The US Department of Justice, Antitrust Division, informed ICANN this week that its plan to allow gTLD registries such as VeriSign, Neustar and Afilias to own affiliated registrars was “misguided”.

I found the letter (pdf) utterly baffling. It seems to say that the DoJ would not be able to advise ICANN on competition matters, despite the fact that the letter itself contains a whole bunch of such advice.

The letter has basically scuppered VeriSign’s chances of ever buying a registrar, but I don’t think anybody thought that would happen anyway.

Neustar is likely to be the most publicly annoyed by this, given how vocally it has pursued its vertical integration plans, but I expect Afilias and others will be bugged by this development too.

The DoJ’s position is likely to be backed up by Europe, now that the NTIA’s Larry Strickling and European Commissioner Neelie Kroes are BFFs.

Cybercrime

Cybercrime is huge at the moment, what with governments arming themselves with legions of hackers and groups such as LulzSec and Anonymous knocking down sites like dominoes.

The DNS abuse forum during ICANN meetings, slated for Monday, is usually populated by pissed-off cops demanding stricter enforcement of Whois accuracy.

They’ve been getting louder during recent meetings, a trend I expect to continue until somebody listens.

This is known as “engaging”.

Geek stuff

IPv6, DNSSEC and Internationalized Domain Names, in other words. There are sessions on all three of these important topics, but they rarely gather much attention from the policy wonks.

With IPv6 and DNSSEC, we’re basically looking at problems of adoption. With IDNs, there’s impenetrably technical stuff to discuss relating to code tables and variant strings.

The DNSSEC session is usually worth a listen if you’re into that kind of thing.

The board meeting

Unusually, the board’s discussion of the Guidebook has been bounced to Monday, leading to a Friday board meeting with not very much to excite.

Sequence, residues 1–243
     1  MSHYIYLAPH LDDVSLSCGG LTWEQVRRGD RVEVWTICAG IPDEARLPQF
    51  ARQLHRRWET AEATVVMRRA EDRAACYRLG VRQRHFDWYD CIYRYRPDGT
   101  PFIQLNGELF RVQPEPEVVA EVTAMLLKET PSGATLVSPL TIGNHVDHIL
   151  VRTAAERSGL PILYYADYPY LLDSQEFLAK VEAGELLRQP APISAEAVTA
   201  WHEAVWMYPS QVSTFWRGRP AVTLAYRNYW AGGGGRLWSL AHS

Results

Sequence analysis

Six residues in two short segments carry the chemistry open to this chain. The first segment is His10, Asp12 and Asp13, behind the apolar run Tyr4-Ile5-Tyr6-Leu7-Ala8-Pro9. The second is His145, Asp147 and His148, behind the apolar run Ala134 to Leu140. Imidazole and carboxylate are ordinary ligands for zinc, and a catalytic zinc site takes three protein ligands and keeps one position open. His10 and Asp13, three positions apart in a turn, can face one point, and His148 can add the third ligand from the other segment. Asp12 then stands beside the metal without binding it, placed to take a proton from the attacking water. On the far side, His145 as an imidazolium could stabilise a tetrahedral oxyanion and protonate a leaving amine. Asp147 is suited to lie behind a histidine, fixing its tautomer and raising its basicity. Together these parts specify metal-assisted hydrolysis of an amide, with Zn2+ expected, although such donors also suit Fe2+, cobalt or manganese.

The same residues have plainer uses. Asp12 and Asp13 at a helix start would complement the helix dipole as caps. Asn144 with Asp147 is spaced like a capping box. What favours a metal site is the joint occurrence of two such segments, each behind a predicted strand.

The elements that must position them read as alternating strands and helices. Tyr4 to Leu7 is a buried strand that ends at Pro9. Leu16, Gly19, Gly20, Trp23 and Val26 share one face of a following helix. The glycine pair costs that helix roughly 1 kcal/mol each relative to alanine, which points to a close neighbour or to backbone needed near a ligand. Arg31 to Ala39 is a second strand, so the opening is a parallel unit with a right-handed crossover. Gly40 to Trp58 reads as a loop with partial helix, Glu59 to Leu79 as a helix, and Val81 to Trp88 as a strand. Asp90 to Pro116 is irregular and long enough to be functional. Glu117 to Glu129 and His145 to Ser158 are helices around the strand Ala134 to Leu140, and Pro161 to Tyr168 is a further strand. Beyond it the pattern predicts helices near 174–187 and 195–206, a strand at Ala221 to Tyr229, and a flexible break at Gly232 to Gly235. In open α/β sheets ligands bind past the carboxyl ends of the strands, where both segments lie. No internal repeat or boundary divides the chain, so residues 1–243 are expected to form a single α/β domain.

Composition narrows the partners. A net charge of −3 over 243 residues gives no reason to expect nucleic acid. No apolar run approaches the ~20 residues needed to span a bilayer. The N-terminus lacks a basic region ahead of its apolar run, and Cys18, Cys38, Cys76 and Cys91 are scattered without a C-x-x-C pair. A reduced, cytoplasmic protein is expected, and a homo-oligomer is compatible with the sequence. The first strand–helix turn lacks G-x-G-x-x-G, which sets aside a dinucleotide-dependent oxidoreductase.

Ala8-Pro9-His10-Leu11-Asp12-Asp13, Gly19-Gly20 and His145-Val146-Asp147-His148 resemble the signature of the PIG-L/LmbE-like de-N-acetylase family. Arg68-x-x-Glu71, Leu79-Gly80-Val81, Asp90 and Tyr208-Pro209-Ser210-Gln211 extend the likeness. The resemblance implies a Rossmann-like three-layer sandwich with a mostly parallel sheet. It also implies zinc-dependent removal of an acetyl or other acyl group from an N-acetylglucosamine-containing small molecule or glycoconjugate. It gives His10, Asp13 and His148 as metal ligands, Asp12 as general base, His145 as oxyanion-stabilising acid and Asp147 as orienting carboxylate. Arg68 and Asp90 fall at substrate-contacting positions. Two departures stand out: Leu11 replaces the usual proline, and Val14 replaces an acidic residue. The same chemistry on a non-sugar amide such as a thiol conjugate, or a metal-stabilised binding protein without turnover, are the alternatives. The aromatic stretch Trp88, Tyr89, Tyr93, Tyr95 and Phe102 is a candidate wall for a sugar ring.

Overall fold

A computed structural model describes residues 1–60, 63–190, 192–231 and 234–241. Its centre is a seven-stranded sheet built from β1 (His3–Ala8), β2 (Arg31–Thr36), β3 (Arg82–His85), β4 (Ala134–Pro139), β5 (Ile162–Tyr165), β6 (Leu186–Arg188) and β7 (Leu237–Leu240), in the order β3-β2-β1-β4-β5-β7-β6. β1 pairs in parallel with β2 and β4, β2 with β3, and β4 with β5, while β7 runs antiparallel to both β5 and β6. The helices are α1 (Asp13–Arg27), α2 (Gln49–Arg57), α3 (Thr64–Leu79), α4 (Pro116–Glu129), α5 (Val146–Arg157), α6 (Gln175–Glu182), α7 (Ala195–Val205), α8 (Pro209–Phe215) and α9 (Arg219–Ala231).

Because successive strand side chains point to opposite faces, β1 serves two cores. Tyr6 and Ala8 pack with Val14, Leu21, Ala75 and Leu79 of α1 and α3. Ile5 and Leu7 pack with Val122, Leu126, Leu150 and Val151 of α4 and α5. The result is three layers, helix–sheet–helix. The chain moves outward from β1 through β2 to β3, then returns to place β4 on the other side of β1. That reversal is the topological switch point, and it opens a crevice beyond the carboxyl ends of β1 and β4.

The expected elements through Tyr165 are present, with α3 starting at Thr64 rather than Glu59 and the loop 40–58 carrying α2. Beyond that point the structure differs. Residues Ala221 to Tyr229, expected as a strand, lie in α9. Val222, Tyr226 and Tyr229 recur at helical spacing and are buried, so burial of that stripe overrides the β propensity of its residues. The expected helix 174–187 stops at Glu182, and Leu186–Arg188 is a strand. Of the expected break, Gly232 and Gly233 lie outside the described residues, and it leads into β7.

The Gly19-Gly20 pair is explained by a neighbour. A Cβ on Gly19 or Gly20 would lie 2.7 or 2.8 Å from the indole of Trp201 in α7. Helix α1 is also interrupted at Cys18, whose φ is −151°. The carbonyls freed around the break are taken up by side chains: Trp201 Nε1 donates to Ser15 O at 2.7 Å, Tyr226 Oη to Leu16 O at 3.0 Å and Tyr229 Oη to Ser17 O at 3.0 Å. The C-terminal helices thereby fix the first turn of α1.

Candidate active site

VeriSign will get its .net contract renewed, no doubt.

The report from the GAC-board joint working group, which may reveal how the two can work together less painfully in future, also could be interesting.

Anyway…

Enough of this blather, I’ve got a plane to catch.

What happened to ICANN’s .net millions?

Questions have been raised about how ICANN accounts for the millions of dollars it receives in fees from .net domain name registrations.

The current .net registry agreement between ICANN and VeriSign was signed in June 2005. It’s currently up for renewal.

Both the 2005 and 2011 versions of the deal call for VeriSign to pay ICANN $0.75 for every .net registration, renewal and transfer.

Unlike .com and other TLDs, the .net contract specifies three special uses for these fees (with my emphasis):

ICANN intends to apply this fee to purposes including:

(a) a special restricted fund for developing country Internet communities to enable further participation in the ICANN mission by developing country stakeholders,

(b) a special restricted fund to enhance and facilitate the security and stability of the DNS, and

(c) general operating funds to support ICANN’s mission to ensure the stable and secure operation of the DNS.

However, almost six years after the agreement was executed, it seems that these two “special restricted funds” have never actually been created.

ICANN’s senior vice president of stakeholder relations Kurt Pritz said: